For some reason, poetry filmmakers don’t tend to combine texts by different authors very often. With Undone, Marc Neys AKA Swoon shows just how well that can work, even with multiple language barriers to cross. Doina Ioanid‘s Romanian text meets Jan H. Mysjkin‘s Dutch text in the soundtrack, with an English translation by Mysjkin in subtitles. As if that weren’t enough, Marc made a second version with the poets reading their work in French translation, also subtitled in English:
And a version of that version with subtitles in German and supertitles in Turkish:
Marc wrote about how he came to make the film in a recent blog post:
This time I picked out Culoarul vagonului e liber/ The coach’s aisle is clear by Doina and combined it with Teniet/ Undone by Jan for obvious reasons.
They both read the poem in French, Doina also read hers in Romanian, Jan his one in Dutch. They also gave me English, German and Turkish translations. So much blocks to work with.
German, English and French translation: Jan H. Mysjkin
Turkish translation: Burak Sengir
Working with a split screen came natural. I combined 2 sets of visuals for each poem. Empty <-> crowded, abstract <-> concrete, nature <-> urban, black&white <-> colour.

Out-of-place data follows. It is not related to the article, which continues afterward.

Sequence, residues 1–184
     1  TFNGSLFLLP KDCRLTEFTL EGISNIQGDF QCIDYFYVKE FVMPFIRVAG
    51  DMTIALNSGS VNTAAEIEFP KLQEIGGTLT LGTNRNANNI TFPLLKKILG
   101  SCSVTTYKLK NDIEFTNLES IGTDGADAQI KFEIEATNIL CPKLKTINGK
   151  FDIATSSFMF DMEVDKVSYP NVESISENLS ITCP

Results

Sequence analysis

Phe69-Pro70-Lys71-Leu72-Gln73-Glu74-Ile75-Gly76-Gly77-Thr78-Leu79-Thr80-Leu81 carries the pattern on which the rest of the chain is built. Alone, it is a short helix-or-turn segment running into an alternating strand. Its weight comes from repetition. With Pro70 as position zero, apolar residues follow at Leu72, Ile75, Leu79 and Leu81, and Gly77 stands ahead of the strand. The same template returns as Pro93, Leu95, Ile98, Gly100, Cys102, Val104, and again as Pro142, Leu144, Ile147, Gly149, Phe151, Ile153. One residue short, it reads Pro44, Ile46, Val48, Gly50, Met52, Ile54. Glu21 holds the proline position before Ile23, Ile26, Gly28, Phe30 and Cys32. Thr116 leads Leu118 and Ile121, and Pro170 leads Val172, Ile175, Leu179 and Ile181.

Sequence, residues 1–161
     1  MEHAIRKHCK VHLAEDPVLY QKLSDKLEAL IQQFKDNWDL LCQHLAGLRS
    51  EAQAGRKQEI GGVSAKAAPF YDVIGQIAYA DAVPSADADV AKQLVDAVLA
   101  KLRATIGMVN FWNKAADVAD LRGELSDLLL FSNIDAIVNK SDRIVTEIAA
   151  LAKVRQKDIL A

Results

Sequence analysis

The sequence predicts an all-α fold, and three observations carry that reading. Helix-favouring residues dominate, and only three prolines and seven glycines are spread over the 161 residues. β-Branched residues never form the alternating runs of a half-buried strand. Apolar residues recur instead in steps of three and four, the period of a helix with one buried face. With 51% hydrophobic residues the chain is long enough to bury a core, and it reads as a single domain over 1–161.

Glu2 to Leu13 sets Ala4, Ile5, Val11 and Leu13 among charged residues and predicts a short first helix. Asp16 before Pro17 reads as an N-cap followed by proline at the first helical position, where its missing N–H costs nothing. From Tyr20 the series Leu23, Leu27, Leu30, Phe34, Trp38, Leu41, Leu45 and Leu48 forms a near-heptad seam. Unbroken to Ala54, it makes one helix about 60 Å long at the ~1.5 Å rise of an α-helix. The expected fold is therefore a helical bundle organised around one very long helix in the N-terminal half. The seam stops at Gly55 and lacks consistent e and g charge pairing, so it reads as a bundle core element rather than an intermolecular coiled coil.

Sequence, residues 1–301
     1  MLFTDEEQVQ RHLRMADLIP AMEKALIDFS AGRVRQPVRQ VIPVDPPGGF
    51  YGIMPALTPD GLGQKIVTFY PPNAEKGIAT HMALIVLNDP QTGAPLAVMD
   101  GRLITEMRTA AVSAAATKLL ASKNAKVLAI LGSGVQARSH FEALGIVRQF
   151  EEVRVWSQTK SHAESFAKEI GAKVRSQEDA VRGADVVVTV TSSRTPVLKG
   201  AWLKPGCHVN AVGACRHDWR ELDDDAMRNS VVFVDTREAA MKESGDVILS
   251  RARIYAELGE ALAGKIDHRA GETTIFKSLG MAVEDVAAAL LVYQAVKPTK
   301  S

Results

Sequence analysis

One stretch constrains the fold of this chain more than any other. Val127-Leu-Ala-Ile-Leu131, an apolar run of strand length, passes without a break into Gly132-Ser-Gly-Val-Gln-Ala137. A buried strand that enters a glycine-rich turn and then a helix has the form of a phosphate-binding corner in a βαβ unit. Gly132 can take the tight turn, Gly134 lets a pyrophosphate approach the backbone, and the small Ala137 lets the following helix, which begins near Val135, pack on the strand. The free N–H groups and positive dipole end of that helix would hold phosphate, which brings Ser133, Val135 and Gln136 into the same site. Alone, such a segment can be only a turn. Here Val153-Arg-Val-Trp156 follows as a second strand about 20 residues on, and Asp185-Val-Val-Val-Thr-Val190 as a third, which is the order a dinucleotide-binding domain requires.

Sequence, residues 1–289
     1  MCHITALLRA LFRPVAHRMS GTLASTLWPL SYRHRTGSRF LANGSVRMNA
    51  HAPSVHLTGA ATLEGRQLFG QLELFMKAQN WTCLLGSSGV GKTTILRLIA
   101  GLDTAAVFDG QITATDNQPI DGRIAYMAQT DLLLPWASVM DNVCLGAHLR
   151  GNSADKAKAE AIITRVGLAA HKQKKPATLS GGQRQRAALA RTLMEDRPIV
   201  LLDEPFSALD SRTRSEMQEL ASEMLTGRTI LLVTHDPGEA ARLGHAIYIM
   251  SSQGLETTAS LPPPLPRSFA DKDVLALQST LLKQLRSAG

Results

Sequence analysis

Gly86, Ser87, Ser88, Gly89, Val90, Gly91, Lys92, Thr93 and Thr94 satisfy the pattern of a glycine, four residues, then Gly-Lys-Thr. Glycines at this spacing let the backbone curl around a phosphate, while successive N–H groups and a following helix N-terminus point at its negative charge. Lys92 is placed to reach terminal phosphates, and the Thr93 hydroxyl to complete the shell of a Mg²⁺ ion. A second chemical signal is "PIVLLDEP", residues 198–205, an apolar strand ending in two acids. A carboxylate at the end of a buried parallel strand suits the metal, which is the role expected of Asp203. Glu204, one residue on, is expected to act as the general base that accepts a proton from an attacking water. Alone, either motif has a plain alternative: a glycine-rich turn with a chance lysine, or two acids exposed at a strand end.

Shifting between those during the readings and in between…
In the final editing I made some minor cuts to fit the footage with the reading (different languages, different pace), but nothing major. They all ‘feel’ the same.
I guess that last bit answers my question: Why not put all the translations into Vimeo’s own subtitling system and just serve up a single video? Because Swoon’s an insane perfectionist, that’s why.
Marc Neys (A.K.A. Swoon) writes in a blog post about this video that it grew out of a face-to-face meeting with the author, Romanian poet Doina Ioanid, at the Felix Poetry Festival in Antwerp earlier this year.
After the festival I asked her and her translator Jan Mysjkin if I could make a video for one of my favourites of her performance […] The images of this piece were taken from ‘Lost landscapes of Detroit’ (Prelinger Archives) and I re-edited them, adding an extra layer of colour and light.
The result is a short (moody) piece.
To me, the ability to present a poem in multiple languages is one of the best and most under-appreciated uses for videopoetry/filmpoetry, which is itself already something of a translation. I’ve always loved bilingual editions of poetry with the original language on the facing page, but it’s so much better to be able to hear the original while seeing an English version, the two linked and in some ways brought closer together by a filmmaker’s vision (usually including a good soundtrack, as here).